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Waiting for the vaccine: The condition millions of Africans are living under

In developed countries, we have become accustomed to simple measures in the past 18 months, such as wearing masks, maintaining social distancing, washing hands frequently, and quarantining and quarantining when necessary. This was especially important before the advent of vaccines, when experts suggested using the “Swiss cheese” method to alleviate the virus and provide various levels to prevent the spread of COVID-19. In Africa, these steps are arguably more important-because only 2.5% of the 1.2 billion people on the continent are vaccinated. However, a new study shows that many of these technologies are basically impossible due to living conditions defined by poverty, such as lack of tap water and toilet facilities, overcrowding, and households with only single rooms. The author proposes that the influx of vaccines currently hoarded by developed countries is imminent. Moreover, in the long run, the world needs to work together to develop a more coordinated public health response.

The University of Bristol study used household data from all 54 countries in Africa over the past few years and considered several non-pharmacological public health interventions (NPIs), which are steps to prevent infection that do not involve drugs or treatments. The study produced some shocking numbers (though not the availability of masks). The survey found that 718 million Africans live in households of 6 or more people, many of which are not multi-room houses; and, about 283 million people live in households with 3 or more people sleeping in the same room. These conditions make it impossible to maintain physical distance. Co-author Tim Brewer, an infectious disease doctor and epidemiologist at the University of California, Los Angeles, said that using the standard definition of “close contact”-within 24 hours, 15 minutes of contact between people within 6 feet- In these African families, “this is what may happen every day.”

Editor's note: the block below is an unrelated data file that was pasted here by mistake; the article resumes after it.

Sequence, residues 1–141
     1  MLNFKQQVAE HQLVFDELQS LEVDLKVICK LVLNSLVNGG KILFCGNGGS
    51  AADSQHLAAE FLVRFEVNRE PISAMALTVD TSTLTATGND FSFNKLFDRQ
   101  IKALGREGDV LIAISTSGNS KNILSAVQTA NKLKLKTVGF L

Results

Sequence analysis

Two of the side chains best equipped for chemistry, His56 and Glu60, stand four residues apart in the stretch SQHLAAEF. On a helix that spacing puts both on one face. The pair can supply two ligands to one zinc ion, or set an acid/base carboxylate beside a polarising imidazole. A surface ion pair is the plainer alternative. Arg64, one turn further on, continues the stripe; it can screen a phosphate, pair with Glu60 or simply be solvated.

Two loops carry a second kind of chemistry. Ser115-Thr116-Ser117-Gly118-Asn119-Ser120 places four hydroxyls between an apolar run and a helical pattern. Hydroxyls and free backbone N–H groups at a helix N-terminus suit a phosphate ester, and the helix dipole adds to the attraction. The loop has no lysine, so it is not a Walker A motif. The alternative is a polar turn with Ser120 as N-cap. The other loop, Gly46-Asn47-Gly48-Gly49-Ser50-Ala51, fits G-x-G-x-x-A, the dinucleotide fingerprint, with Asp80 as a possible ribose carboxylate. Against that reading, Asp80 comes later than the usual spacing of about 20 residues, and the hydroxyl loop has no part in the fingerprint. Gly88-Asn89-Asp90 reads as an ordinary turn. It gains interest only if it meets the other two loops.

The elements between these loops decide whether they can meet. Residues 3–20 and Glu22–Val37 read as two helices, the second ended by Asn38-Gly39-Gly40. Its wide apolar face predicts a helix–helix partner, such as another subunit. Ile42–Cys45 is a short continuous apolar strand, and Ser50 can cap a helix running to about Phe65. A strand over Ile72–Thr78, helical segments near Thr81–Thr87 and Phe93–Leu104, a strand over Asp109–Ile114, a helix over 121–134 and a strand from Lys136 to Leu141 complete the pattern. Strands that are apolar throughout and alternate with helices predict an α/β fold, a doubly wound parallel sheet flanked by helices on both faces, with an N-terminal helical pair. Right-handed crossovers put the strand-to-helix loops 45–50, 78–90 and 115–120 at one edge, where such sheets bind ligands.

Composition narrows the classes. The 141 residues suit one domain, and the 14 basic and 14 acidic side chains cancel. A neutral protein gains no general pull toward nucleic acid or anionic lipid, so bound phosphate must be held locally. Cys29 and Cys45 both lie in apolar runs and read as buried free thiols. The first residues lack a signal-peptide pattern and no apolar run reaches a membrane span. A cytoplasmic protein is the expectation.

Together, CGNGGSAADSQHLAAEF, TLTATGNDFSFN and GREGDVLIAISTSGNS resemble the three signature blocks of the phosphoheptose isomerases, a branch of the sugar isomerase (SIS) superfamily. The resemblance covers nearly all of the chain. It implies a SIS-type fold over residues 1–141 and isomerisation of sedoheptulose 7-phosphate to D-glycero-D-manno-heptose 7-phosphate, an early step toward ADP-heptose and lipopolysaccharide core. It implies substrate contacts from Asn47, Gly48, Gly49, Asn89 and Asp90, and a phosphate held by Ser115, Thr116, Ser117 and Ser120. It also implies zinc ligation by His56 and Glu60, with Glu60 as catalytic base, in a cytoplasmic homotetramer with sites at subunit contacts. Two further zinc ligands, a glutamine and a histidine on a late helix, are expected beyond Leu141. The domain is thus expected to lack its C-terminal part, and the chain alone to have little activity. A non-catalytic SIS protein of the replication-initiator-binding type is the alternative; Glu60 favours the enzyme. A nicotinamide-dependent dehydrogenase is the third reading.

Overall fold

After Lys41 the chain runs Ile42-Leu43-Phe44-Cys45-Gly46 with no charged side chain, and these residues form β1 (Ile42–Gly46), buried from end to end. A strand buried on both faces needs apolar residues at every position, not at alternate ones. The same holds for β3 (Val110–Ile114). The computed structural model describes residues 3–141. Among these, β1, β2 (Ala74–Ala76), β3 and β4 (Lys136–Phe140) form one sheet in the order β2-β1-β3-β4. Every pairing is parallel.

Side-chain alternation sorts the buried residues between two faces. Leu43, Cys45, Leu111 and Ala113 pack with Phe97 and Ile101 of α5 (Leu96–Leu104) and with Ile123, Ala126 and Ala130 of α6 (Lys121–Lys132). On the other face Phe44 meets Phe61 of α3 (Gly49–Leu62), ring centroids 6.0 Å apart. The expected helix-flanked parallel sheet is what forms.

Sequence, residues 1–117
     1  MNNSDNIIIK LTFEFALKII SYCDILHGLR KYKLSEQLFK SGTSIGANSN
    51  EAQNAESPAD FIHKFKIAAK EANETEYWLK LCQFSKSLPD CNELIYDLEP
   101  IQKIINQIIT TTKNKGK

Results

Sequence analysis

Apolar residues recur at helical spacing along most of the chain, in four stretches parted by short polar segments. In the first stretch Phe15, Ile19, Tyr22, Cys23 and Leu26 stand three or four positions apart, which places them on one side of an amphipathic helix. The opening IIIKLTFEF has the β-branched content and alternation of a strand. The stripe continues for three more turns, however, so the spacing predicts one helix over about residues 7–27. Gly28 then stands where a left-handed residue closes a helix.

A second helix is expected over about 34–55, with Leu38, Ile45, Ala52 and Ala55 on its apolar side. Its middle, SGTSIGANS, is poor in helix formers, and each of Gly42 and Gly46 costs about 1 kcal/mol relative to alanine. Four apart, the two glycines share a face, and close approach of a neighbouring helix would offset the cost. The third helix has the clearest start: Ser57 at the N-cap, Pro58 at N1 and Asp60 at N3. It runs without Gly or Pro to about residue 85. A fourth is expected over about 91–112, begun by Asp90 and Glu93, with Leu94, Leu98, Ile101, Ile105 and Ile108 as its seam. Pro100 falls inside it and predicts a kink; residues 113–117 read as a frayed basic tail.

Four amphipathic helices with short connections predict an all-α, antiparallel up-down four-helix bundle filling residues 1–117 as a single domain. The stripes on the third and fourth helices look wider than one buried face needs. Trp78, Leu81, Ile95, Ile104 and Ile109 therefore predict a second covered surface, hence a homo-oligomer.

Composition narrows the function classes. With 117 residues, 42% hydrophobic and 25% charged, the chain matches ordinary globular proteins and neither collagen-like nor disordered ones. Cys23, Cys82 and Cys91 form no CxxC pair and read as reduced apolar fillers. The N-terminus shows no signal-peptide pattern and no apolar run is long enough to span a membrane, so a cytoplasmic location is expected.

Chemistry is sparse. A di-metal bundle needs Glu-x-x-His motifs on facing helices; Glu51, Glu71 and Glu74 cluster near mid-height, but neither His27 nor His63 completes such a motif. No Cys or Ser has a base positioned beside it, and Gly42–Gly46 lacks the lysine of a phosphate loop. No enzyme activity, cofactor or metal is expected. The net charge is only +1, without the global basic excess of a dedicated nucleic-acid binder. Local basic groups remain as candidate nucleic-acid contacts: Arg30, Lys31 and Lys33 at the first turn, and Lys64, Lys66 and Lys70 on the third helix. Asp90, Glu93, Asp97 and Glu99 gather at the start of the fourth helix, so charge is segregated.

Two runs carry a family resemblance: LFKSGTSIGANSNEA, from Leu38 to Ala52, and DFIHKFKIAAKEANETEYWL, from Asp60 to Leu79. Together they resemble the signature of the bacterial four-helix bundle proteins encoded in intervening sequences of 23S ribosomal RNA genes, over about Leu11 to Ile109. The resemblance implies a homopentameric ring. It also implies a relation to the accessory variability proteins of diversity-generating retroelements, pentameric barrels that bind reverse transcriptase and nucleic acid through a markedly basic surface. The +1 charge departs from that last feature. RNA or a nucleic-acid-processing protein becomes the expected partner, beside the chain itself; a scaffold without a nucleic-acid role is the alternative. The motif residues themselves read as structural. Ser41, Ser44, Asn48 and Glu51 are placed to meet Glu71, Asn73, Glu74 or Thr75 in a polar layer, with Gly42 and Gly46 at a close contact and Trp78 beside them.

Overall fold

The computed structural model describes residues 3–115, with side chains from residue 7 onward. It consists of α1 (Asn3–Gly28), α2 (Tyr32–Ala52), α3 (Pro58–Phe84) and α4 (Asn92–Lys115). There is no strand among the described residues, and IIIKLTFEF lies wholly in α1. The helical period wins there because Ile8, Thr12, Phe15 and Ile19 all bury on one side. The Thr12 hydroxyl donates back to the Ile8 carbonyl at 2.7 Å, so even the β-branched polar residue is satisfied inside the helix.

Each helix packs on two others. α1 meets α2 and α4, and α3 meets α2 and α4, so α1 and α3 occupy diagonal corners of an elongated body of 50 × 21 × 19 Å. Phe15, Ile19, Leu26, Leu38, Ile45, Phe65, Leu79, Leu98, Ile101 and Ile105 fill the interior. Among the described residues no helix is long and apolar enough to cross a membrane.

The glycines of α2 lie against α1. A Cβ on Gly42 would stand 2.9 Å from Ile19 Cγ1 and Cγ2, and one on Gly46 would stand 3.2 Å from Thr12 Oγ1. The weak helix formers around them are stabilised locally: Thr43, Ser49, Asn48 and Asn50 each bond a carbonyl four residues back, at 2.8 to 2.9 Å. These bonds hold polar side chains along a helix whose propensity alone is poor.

In terms of hand washing, it is estimated that 890 million Africans do not have running water in their homes; in half of the countries, the median on-site water shortage exceeds 70%. Moreover, 700 million people lack soap or washing facilities at home. Once people are exposed to or infected with the virus, it is difficult to lock them out through quarantine or 10-day quarantine. “If you can’t store food at home, you can’t stay at home for 10 days,” Brewer said. 79% of Africans do not have a refrigerator at home, and 45% have to share toilet facilities with other families. People have no choice but to contact and spread the virus “in order to meet the basic needs of life.” It is difficult to assess whether these trends are accurately reflected in the case rate. Brewer said that due to lack of resources, the disease is often difficult to diagnose, and he worked in West Africa for many years early in his career. “I can tell you that many of us died, and we don’t know why they died,” he said of the experience.

It is believed that there are 5.5 million COVID-19 cases in Africa to date, compared to 215 million cases globally, which seems lower than reality for Brewer. The figures do vary widely between countries: for example, households without on-site water use range from 0.6% in Mauritius to 93% in the Central African Republic. This change also applies to vaccination rates. Seychelles and Morocco have vaccinated 76% and 49%, respectively, while Burkina Faso and Tanzania have vaccination rates of only 0.3% and 0.4%. Nevertheless, as of August 23, only 2.48% of the entire continent’s population had received two injections (compared to approximately 40% in Europe and North America, and 25% in Asia). The president of the African Development Bank, Akinummi Adesina, said this week that there has been a “shortage” of vaccines in Africa. COVAX is a global initiative designed to guarantee the delivery of doses to poorer countries, but it has been weakened due to early deals between richer countries and manufacturers.

 

With information from: https://www.fastcompany.com/90669981/while-they-wait-for-the-vaccine-millions-of-africans-cant-easily-social-distance-or-wash-their-hands

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